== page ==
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Tuesday, 21 October 2014

The sincerest form of flattery...

The other day I was enduring the reading of Lotte Hedeager's Iron Age Myth and Materiality. An Archaeology of Scandinavia AD 400-1000 (London 2011), not something I would generally recommend as it is in my view, to use technical academic language, 'absolute bollocks'.  However, as I was writing up my Style I paper, it had to be done.
 
Anyway, I got to this bit (pp.37-38), which talks about the historiography of the barbarian migrations:
 
 
 
I thought to myself, 'hmmm... all that sounds strangely familiar'.  I am sure I have read that somewhere before.  And indeed I had.  Not least because I had - largely - written it somewhere before.  Here, for your interest and amusement are pp.35-36 of G. Halsall, 'The Barbarian Invasions', in P. Fouracre (ed.), The New Cambridge Medieval History (Cambridge, 2005), pp.35-55.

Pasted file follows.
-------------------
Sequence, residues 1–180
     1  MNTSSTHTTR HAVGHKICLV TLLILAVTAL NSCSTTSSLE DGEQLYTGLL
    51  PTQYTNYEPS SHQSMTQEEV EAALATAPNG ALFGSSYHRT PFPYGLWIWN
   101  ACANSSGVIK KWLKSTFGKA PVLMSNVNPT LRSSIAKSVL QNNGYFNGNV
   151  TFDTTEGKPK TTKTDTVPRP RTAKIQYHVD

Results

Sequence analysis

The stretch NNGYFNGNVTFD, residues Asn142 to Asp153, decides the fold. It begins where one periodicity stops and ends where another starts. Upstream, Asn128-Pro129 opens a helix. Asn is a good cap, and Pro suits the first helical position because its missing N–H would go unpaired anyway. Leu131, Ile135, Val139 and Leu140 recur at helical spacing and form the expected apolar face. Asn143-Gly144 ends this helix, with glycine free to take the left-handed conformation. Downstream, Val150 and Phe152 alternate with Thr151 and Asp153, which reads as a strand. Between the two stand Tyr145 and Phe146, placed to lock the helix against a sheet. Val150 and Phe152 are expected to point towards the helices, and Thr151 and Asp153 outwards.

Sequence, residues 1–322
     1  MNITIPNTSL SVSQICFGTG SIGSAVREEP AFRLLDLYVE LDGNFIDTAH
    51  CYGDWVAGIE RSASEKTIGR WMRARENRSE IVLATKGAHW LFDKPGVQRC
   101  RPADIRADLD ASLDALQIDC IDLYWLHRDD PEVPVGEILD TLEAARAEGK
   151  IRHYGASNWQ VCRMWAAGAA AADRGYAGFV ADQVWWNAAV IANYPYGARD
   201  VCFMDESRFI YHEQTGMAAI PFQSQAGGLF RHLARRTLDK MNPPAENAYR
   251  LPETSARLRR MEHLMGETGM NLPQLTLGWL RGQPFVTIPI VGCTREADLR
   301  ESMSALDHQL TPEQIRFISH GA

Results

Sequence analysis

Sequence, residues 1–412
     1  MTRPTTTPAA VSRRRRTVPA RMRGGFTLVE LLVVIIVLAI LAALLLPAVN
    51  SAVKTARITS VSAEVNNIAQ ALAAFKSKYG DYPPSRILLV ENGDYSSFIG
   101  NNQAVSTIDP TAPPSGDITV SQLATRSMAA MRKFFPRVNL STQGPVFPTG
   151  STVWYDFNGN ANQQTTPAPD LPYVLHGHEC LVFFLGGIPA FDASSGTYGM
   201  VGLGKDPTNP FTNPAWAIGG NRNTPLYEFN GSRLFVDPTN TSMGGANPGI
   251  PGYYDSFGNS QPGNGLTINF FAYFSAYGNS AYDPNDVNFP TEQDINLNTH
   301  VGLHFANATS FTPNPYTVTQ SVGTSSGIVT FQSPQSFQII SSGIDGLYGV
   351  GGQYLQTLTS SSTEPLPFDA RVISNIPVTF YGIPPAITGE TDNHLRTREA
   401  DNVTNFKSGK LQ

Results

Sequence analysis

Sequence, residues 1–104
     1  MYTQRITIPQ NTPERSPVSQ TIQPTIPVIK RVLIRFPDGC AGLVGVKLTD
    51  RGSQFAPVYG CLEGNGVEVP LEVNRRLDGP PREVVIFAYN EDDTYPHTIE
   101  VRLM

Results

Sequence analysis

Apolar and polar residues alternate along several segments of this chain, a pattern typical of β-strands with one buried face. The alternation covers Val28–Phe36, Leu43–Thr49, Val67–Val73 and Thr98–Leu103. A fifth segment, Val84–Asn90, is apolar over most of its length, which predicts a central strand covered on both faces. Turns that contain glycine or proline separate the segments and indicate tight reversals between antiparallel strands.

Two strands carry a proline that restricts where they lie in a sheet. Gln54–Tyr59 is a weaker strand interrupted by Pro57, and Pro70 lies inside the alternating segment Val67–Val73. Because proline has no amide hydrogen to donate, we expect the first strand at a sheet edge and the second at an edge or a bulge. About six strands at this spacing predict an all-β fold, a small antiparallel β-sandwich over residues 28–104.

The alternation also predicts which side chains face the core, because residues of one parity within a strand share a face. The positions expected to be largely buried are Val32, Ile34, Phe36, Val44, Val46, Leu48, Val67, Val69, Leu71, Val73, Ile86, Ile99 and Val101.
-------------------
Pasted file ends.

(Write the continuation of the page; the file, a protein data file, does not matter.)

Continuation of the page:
You might like to compare the bits underlined in the same colours, and the bits shaded in in green. 

All I can say is that, if this were done in an assessed piece of student work (undergraduate or postgraduate) it would be seriously penalised for plagiarism.  The occasional general Harvard-system reference, usually sans page numbers, sometimes with other references included, won't cut it.  Now, there are many ways in which two texts can end up looking alike, independently of copying, especially where telling the same short story featuring the same characters etc. (cp. my retelling of Gregory of Tours' account of the Sichar and Chramnesind "feud" in 'Violence and Society...' with Peter Sawyer's in 'The Bloodfeud in fact and fiction': the two are very similar, in spite of me writing that part of my piece before I had read Sawyer's article - indeed I modified mine slightly to avoid being falsely accused of plagiarism).  There are also ways in which very close notes taken verbatim from a source end up being transferred from notebooks to texts without modification.  If it is the latter that is at stake here (it is certainly not the former), then it speaks of a serious lack of scholarly care and attention at best.  Certainly it rather undermines all the efforts to which one goes telling students not to do this, when archaeology professors at Oslo do.

Or perhaps it is time for Routledge to start running the manuscripts it receives through Turnitin...

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